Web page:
THE technical details tell you a lot about a bike — this one has an impressive list: 45-degree rake, 9-inch-over forks, 120-cubic-inch S&S stroker, 5-5/8 inch stroke, 5-3/4 inch pistons, Delcron cases, twin plug heads, PM brakes, and a Sputhe five-speed gearbox.
The frame’s the only Harley thing on the bike that’s original factory. It’s a 1974 frame stretched to accommodate the bigger motor, and bowed and raked.
The arse-end has been widened, originally to have a 200 tyre put in it but it was a bit hard to maintain because it was chewing up guards and there wasn’t enough room for the chain to run so we backed it off to a 180. In its day, it was a fat tyre, but now a standard Harley comes out with a 180 so it’s not a big deal anymore.
Trying to keep up with the boys around town, especially the ones on Buells and more sporty bikes like Dynas, it’s quite difficult, quite challenging, but I was that far ahead of them I had to have a handicap to bring me back to the field… ahh, that’s bullshit. You’ve got to take slightly different lines when you corner, much like the difference between driving a family sedan and a light truck: slightly wider cornering. It’s actually more stable at high speed because of its long wheelbase so at high speed it’s actually safer in a straight line than a short wheelbase. But any sort of cornering or braking quickly or accelerating quickly can become a little unstable.
I quite like the challenge. I quite like the fact that it is a bit harder to ride. The only time it’s annoying is days when we’re moving it around a small area, and slow speed cornering; it tends to fall a bit rather than rolling; it falls once it gets past a certain point. But if you’re going fast enough, you don’t notice it.
The bike had too much power and twisted and tore out the original swingarm and sprockets and basically everything from the back seat back, which was quite amusing because I was at the front of the pack when that happened. A couple of the boys almost ran me over. Luckily, they had enough room to do a u-turn and have another go. I didn’t quite go down but it was close. I slid and put the bike down.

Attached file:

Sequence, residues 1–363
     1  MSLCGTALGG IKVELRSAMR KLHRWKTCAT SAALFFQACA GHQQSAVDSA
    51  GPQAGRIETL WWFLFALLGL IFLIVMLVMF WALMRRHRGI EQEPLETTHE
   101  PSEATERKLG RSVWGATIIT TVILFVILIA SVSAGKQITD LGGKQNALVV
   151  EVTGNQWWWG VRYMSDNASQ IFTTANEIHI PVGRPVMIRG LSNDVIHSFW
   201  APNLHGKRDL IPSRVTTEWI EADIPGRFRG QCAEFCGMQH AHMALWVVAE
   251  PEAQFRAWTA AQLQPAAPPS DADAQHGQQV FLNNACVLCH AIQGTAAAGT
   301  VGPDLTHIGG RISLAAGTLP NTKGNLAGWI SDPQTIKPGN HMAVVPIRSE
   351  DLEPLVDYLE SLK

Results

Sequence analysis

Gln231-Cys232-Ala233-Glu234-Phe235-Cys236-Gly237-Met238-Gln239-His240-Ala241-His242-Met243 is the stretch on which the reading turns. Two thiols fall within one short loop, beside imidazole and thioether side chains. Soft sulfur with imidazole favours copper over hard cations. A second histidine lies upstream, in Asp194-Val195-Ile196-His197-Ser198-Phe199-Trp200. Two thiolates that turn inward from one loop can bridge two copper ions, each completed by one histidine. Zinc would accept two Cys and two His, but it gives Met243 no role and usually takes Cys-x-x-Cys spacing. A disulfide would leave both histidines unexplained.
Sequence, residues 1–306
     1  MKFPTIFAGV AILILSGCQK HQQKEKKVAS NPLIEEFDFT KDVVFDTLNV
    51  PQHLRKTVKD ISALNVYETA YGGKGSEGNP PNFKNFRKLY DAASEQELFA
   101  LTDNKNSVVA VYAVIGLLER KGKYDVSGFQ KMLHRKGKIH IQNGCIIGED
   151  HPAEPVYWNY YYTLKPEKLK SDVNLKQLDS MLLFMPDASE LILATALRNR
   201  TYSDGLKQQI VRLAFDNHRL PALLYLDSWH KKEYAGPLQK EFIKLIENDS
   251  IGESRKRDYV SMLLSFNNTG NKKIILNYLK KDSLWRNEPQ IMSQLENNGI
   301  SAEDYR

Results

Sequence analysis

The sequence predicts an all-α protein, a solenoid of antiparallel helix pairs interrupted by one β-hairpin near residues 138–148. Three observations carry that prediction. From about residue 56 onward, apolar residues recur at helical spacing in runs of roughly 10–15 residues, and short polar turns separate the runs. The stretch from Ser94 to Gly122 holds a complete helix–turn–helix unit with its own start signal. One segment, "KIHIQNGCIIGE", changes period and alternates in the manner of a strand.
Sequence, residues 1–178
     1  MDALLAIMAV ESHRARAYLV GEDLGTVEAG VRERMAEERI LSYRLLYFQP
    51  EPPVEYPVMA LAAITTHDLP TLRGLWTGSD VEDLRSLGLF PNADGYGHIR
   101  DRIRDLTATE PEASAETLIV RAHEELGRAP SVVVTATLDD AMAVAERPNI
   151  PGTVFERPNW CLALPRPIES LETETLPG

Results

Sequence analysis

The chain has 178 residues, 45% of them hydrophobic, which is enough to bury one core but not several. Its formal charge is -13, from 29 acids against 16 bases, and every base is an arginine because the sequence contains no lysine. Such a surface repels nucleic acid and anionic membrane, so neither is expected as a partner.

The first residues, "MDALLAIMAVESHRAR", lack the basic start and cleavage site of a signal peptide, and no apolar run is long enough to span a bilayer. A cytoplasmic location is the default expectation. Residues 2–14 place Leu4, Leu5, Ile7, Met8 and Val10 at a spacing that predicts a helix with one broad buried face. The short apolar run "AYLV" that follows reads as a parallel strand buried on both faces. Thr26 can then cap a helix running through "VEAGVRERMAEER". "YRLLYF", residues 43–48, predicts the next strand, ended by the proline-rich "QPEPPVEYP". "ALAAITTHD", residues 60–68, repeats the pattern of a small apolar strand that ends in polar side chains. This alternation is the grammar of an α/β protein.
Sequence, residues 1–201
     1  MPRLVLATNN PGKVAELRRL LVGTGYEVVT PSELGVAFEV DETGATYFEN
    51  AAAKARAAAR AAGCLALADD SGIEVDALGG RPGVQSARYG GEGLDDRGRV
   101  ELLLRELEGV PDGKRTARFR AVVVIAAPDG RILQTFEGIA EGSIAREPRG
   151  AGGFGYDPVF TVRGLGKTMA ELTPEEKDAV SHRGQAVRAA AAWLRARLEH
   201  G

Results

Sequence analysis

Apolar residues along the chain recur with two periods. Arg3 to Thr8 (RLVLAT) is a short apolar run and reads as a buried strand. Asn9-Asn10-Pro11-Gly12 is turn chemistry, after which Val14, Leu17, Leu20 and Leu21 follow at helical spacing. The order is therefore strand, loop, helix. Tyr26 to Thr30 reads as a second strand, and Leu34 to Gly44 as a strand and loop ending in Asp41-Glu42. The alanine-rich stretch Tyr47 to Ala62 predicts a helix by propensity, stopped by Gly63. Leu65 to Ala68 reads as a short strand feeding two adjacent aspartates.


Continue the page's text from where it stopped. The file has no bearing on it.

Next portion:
Bendigo Custom Cycles helped me with the rear-end. They pre-fabed the swingarm, welded the shocker mounts and fixed up the back-end so it ran true.
That’s an Arlen Ness aftermarket headlight. I’ve got Ness disks, sprocket, headlight, forward controls, mirrors, footpegs, side stand, inner primary, outer primary, coil cover, and a few other little odds and ends I can’t quite remember, but they’re all original Ness from the States.
I got the exhaust custom made to suit the specs of the bike.
The wheels are custom aftermarket, Arlen Ness style. I’ve changed quite a lot of things since I got the bike but they’re only little adjustments you probably wouldn’t notice, just to make it better for me. Like it used to have ape-hangers which were quite tall and they looked fantastic — until I discovered that holding the ape-hangers I couldn’t reach the rear brakes. So it might not work having nice ape-hangers if I’ve got to redo the paintwork because I’ve ploughed it into something. I put smaller bars on it so I could sit further forward and operate the brakes.
When I first got it, it didn’t have a rear seat so the missus sat on the back with a pussy pad that was on suction cups — which she didn’t enjoy. So we went from there to a rear seat, and then we got a bit older and a bit softer and she wanted a sissy bar so I put that on — which spoilt the lines of the bike, but what do you do? It’s about the second smallest sissy bar you can get but it still ruins the line, but if it wasn’t for her, I wouldn’t be able to afford to keep repairing the fucking thing so I’ve got to make some concessions.
I’d like to thank my bros for being so patient because when the bike was first put together, it was with the idea of being a show bike. Then I got hold of it and modified it and wrung its neck every day. I had to change parts for parts that were more conducive to hard work and hard wear, and the experience of finding out what will break and then replacing it with something that won’t break took a couple of years and the boys were a bit frustrated with lifting it onto the back of utes and trailers.
There’s little things you fall for when you build something that you might not notice: the exhaust was up against the cover where the electronic ignition goes in — it was just touching — which caused a heat sink which blew my electrics and my CDI. That was cured by just putting a screw driver on the edge of the pipe and hitting it with a hammer so there was 2 mm clearance and the air flows through and the electrics don’t overheat. But until you run something like this after it’s been built from scratch, you don’t discover it until it goes wrong. So again, I’d like to thank my brothers for their patience.
Another good thing about it that I really enjoy is because of its weight and the length of it with the long wheelbase, it’s very hard to get the front end up. So even though the motor’s got a ton of power, you feel confident snapping the throttle and releasing the clutch and it’s not going to flip on you — it just stands up and goes. So it’s like having flip rails on it. I could get better performance from the S&S engine using a six-speed but I chose laziness over performance.
words by Spitz; photos by Chris Randells